“What I’m looking for is insight and growing wisdom over time so we can create a measure of harmony in what is a very conflicted society,” Brown said at the ceremony. “And I think we are going to do very well in helping build the respect for the law, for the courts, for their independence, so that all of us – whatever our particular ideological or philosophical proclivities – at the end of the day are very thankful that we have honest, intelligent and fair-minded people making sense out of the complexities.”
Brown nominated Cuéllar, 41, of Stanford, in July, and nominated Kruger, 38, of Washington, D.C., in November. Note their relatively young ages: Brown’s appointments potentially will be serving on the state’s highest court for decades to come.
Cuéllar, a Stanford professor since 2001, served as special assistant to the President for Justice and Regulatory Policy at the White House Domestic Policy Council in 2009 and 2010 and was co-chair of the Obama-Biden Transition’s Immigration Policy Working Group in 2008 and 2009.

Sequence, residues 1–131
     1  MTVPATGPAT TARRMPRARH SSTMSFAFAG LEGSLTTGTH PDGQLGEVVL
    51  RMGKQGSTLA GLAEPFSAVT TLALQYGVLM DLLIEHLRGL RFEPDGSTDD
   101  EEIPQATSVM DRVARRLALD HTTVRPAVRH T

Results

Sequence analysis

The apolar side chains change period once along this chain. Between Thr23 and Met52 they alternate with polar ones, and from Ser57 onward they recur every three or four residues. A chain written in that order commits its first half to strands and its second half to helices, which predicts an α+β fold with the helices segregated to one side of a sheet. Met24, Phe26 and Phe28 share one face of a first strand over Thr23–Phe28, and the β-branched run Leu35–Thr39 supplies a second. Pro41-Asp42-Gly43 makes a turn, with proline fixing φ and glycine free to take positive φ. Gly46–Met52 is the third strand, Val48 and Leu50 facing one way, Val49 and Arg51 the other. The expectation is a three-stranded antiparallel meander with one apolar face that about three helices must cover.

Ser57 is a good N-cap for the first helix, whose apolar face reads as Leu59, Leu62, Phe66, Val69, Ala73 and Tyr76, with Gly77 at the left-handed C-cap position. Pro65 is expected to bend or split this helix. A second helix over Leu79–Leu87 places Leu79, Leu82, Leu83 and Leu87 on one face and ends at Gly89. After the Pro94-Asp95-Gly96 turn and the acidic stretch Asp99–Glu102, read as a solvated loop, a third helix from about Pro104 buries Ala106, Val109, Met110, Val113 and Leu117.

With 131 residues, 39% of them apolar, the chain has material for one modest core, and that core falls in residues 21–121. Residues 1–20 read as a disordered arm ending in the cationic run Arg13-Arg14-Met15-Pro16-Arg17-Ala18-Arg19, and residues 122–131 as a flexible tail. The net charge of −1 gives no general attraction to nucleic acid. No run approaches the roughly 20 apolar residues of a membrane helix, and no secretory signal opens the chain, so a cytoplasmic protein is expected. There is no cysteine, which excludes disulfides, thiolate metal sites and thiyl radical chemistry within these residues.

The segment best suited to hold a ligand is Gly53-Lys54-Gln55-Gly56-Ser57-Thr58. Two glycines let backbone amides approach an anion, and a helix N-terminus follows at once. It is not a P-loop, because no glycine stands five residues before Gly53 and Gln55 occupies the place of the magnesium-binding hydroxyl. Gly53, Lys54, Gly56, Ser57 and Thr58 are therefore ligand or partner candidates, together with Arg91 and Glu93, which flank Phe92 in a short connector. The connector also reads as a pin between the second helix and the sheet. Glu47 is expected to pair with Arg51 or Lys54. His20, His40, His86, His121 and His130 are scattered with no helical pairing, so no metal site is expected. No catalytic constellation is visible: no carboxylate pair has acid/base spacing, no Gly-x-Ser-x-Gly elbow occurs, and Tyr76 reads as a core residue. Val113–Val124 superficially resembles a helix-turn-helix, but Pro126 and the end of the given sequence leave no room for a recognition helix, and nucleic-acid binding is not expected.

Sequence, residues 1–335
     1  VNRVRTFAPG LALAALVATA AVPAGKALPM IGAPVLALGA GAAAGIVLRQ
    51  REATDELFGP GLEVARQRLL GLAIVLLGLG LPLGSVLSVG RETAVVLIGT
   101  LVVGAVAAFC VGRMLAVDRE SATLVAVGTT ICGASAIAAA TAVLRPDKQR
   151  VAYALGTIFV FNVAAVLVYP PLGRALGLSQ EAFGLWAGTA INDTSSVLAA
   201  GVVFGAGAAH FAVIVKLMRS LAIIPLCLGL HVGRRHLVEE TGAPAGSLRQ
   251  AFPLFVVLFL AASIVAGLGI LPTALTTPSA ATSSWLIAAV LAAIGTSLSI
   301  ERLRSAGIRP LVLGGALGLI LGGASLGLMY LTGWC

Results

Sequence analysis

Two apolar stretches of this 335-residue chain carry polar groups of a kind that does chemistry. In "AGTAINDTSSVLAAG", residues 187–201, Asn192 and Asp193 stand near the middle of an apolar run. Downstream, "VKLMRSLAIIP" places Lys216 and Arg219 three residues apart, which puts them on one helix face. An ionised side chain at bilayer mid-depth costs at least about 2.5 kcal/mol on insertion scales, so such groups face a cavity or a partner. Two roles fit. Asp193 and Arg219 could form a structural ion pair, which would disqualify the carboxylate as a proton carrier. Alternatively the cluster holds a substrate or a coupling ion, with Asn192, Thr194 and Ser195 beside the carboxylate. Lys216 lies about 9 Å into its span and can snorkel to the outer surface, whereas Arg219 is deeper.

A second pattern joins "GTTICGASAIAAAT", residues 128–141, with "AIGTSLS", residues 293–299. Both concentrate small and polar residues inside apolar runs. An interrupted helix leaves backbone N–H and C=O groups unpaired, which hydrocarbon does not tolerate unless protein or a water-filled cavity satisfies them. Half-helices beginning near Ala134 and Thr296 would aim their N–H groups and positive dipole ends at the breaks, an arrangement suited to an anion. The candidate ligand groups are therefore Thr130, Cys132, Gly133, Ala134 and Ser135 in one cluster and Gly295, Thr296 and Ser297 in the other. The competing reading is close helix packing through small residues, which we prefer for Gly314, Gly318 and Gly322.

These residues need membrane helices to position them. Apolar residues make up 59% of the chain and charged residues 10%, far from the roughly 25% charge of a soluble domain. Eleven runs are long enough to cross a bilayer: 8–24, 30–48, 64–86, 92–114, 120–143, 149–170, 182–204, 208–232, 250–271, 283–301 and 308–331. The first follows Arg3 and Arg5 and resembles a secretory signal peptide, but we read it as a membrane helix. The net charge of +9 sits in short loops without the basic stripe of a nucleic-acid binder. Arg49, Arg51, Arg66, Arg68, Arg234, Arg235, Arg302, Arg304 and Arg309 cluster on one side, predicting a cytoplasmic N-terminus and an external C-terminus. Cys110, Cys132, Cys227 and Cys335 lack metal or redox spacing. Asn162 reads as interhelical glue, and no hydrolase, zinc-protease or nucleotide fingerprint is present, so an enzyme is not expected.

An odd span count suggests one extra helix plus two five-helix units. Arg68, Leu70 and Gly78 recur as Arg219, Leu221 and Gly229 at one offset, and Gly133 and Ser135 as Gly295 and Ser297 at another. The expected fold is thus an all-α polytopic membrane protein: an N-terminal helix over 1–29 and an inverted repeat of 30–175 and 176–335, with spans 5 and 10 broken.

Kruger served as a Deputy Assistant Attorney General at the U.S. Department of Justice, Office of Legal Counsel from 2013 to 2014; earlier, she served as an Assistant to the Solicitor General and as Acting Principal Deputy Solicitor General in the U.S. Department of Justice, Office of the Solicitor General from 2007 to 2013.
Cuéllar was confirmed in August and Kruger in December by the Commission on Judicial Appointments, which is composed of Chief Justice Tani Cantil-Sakauye, Attorney General Kamala Harris and senior presiding justice of the state Court of Appeal Joan Dempsey Klein.